Re: The comparison will be made
Sorry, but I disagree.
I recently helped a relative replace her ageing Nokia. She was on an extremely tight budget, so we originally planned to replace it with, possibly, a feature-phone at best. Instead, we ended up with the snappily-named Samsung Galaxy Star s5280. Cost? €80 in-store, SIM-free.
(More info here: http://www.samsung.com/it/consumer/mobile-devices/smartphones/smartphones/GT-S5280RWAITV – [NOTE: Italian site, but the specs should be understandable] ).
That's an Android "Jellybean" 4.1.2 smartphone for about the same price as the ZTE Open.
(Eagle-eyed readers will have noticed the lack of 4G and even 3G support, but these are useless outside of Italian urban areas. Out here in the Italian countryside, you're lucky to get even basic 2G signals unless you live right inside a town or village. On the other hand, home broadband with WiFi is easy to find. The next Android phone up was over the €100 spending limit.)
The Galaxy Star is very much a low-end Android smartphone, but despite its low specs, it still points and laughs at the ZTE Open, while kicking sand in its face. This despite being, by Android phone standards, a weedy little thing with pipe-cleaner arms, bottle-lensed glasses and an allergy to sports.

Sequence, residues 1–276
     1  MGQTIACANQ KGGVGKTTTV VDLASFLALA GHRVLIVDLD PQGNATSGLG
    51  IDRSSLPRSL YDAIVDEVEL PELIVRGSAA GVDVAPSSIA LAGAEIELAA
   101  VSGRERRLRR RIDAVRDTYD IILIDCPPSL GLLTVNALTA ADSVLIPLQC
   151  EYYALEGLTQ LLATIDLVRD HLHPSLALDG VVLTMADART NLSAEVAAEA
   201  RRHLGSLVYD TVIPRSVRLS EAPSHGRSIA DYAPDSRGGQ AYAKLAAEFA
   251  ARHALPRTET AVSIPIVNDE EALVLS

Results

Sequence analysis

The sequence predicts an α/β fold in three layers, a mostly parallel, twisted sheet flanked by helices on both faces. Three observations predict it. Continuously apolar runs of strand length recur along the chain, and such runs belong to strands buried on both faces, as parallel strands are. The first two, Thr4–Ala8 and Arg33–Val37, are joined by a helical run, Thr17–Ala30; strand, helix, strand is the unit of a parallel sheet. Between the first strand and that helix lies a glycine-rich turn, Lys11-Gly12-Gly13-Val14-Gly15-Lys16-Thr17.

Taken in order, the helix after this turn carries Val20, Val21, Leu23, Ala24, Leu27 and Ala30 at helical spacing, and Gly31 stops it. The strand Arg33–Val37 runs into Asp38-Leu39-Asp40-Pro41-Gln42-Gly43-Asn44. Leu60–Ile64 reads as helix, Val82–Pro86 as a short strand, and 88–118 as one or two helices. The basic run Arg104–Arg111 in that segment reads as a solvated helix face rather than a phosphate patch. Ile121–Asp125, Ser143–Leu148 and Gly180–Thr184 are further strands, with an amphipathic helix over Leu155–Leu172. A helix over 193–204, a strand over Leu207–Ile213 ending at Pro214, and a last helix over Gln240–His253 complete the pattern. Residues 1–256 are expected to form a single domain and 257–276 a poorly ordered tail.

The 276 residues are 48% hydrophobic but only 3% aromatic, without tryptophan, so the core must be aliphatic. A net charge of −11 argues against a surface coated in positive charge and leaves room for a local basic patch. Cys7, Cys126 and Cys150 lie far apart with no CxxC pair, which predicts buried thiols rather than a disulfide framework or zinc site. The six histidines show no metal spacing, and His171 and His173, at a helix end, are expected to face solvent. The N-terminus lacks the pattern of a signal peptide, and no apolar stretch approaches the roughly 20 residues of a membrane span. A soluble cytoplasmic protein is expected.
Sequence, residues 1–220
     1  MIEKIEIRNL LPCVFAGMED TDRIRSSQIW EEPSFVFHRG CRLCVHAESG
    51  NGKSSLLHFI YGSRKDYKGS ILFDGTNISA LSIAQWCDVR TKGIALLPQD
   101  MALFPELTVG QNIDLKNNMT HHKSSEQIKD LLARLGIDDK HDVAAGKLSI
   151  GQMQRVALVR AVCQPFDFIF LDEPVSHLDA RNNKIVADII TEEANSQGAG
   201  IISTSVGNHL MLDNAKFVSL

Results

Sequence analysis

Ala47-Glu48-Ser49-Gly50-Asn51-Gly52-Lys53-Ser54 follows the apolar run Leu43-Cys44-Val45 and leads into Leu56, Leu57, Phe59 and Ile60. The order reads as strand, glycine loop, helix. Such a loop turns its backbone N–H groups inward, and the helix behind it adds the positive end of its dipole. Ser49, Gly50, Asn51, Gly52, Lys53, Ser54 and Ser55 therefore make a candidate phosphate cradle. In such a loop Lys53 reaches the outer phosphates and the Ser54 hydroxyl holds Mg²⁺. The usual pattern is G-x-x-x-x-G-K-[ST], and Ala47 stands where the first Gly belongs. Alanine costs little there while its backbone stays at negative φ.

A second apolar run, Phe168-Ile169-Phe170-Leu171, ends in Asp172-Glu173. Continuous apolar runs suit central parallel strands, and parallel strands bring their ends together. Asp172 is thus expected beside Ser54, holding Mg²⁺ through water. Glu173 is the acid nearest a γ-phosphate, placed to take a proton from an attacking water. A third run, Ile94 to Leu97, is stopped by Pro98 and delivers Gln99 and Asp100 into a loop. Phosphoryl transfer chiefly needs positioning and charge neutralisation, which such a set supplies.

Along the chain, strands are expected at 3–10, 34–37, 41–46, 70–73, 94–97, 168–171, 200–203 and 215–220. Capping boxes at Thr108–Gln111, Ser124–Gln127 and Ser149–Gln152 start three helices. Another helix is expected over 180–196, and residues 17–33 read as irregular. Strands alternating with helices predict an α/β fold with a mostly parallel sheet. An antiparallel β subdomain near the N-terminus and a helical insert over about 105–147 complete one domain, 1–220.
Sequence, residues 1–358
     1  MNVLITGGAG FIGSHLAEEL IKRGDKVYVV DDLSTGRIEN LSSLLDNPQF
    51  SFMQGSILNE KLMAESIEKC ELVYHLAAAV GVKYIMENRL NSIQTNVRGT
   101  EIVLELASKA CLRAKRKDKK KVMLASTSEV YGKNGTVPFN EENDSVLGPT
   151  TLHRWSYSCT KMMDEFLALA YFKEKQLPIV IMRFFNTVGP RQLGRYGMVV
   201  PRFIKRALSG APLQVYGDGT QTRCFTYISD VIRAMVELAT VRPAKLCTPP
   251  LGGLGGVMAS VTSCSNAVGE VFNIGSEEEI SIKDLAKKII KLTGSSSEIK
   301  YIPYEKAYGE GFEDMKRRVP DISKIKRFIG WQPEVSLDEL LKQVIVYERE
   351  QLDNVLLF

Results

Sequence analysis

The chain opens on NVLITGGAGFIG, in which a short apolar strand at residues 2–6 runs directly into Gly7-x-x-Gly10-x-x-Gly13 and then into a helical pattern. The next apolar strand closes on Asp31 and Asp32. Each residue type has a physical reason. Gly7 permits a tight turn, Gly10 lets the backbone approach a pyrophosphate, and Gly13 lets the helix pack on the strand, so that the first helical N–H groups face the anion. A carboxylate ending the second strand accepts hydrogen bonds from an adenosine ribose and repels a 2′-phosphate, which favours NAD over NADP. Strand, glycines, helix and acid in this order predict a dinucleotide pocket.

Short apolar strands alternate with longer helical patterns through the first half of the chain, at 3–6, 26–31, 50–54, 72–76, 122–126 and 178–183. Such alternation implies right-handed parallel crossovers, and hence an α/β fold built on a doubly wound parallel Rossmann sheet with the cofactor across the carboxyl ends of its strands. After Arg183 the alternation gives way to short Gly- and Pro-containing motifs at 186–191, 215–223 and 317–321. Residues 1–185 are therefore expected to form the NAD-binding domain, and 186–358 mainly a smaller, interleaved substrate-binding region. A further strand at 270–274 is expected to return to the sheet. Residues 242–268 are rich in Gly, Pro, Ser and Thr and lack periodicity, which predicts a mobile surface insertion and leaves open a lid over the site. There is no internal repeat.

Relying on what are, fundamentally, just grids of website bookmarks for your apps is a bloody stupid idea, not just in the West, but *especially* in developing nations that this phone is apparently supposed to be aimed at. Many potential customers barely have *clean running water*, let alone access to the mobile internet infrastructure needed to use such a phone. How are they supposed to run those apps?
(Also, if the web is so full of open standards, why aren't there more apps for existing mobile platforms already? Last time I checked, even an iPhone 1 or that Samsung Galaxy Star could run such apps just as easily as this Firefox-based device. Yet nobody seems to be jumping onto that bandwagon with any alacrity.)